11. There are some elements of this article that are on-point and some that make me cringe. For instance, the rezoning plan that I have proposed is intentionally trying NOT to revert to the existing CS base zoning that litters the area and that the redevelopment district was intentionally designed to supersede. Instead, the rezoning plan is intended to change the base zoning to more pedestrian-oriented MUN-A, MUL-A and occasionally OR20-A and RM20-A base zoning that does automatically what the redevelopment district required manual overrides and sometimes human judgement calls to do: set build-to standards for sidewalk-oriented building placement, eliminate curb cuts where possible and limit vehicular access to alleys where they are present, in most cases. It is also not necessarily the case that "developers cheered on this change." Developers would typically like more zoning entitlements than what is proposed in my rezoning plan - or the elimination of restrictions entirely. And one of the folks who wrote in to support closing out the redevelopment district and switching it over to a base zoning change update is a former Lockeland Springs resident who still owns property along tornado-damaged Holly Street, who is a land use attorney by trade, and who is a Five Points-area small business owner who served on the Metro Historic Zoning Commission. The fact that this base zoning change update has been drafted in consultation with the Metro Historic Zoning staff gets a bit lost in this article. On the other hand, MDHA Commissioner Ansari's comments are on point: some of the neighborhood representatives have stated that their desire for keeping the redevelopment district in place is specifically to keep development from occurring, even if that development meets most or all of the tenets of the redevelopment district design guidelines that they wish to extend. I believe that the designs for the building have not changed but that the construction crew is using the corner lot for a staging area, as you have suggested, and that after this building is complete the Molly Green building on the corner will be reconstructed.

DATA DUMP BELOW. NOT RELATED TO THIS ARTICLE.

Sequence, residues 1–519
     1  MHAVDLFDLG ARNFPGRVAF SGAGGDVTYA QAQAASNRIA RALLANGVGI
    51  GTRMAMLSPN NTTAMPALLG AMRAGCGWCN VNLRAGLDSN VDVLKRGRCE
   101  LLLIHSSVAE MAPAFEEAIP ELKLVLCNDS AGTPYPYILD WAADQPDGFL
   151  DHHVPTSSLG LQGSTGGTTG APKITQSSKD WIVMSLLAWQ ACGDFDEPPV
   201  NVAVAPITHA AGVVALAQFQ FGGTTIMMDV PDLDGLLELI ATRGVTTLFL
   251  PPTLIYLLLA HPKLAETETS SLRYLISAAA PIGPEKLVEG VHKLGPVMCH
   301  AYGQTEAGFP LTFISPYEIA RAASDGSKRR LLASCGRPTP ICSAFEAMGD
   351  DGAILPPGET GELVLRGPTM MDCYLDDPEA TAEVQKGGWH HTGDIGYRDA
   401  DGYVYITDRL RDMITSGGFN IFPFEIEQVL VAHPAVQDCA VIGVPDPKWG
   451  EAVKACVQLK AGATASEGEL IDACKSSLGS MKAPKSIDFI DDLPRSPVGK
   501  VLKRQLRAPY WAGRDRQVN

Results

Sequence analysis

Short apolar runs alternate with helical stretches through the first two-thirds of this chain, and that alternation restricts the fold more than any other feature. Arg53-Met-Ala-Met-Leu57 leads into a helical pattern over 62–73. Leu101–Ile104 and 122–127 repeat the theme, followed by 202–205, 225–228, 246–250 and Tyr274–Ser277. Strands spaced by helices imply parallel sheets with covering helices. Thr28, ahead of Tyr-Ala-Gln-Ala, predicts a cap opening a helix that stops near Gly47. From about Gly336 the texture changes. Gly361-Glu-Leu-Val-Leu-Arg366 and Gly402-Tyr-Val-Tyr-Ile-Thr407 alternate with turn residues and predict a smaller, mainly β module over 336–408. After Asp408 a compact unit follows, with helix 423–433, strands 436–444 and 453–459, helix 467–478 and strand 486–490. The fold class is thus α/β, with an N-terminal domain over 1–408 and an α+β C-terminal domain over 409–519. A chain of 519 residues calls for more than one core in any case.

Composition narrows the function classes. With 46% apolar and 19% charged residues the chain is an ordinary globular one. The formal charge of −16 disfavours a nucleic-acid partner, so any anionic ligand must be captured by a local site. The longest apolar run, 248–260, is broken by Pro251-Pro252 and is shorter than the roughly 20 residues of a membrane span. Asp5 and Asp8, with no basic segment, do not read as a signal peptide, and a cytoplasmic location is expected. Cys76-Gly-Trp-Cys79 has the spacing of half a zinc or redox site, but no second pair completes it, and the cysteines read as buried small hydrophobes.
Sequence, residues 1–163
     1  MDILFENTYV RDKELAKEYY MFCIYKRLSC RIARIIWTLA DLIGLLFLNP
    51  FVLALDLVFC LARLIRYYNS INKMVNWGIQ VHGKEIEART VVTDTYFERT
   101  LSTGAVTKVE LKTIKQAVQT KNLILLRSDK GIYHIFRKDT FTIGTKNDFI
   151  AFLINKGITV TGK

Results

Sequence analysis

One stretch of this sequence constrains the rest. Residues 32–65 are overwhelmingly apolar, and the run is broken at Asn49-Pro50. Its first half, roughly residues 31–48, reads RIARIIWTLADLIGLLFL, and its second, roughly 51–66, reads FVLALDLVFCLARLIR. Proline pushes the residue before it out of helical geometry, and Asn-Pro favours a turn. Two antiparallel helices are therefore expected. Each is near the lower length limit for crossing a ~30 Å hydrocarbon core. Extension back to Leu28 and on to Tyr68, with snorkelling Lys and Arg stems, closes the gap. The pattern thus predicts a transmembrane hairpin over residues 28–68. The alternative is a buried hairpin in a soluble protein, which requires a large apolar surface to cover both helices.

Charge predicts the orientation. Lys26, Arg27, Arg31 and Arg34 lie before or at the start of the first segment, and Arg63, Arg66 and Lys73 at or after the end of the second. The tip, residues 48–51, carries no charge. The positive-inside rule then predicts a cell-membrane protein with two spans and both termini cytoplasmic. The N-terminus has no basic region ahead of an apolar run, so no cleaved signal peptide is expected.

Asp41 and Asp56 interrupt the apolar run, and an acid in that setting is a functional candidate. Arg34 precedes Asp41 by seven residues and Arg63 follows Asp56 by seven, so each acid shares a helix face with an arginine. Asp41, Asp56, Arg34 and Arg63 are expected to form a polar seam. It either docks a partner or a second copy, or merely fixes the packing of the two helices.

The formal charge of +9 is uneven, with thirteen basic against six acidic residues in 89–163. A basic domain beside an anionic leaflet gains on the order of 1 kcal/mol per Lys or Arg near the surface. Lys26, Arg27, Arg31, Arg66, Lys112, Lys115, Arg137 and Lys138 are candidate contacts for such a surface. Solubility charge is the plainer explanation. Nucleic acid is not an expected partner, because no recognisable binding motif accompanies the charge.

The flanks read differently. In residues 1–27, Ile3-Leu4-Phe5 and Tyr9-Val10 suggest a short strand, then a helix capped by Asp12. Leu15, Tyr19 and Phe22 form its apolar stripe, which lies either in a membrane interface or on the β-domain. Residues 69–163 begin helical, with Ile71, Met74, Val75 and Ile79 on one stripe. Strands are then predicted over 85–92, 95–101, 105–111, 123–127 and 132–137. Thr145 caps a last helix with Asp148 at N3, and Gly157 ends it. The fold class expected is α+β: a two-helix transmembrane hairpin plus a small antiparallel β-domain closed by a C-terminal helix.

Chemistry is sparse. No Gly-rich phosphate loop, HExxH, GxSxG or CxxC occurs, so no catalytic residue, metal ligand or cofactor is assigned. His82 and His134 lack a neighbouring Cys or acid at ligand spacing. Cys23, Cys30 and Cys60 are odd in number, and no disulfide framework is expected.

12. That building appears to be fairly solid and could make for a good adaptive reuse candidate. Especially if the parking within the front and side setbacks were converted to outdoor seating for a restaurant space or something like that. Yeah, I am really bullish on this plan. Another great adaptive reuse concept for this building. The Metro right-of-way requirements along Gallatin make developing this sliver of a parcel prohibitive from a long-term standpoint. So this is a neat idea for the duration until we finally get some kind of transit.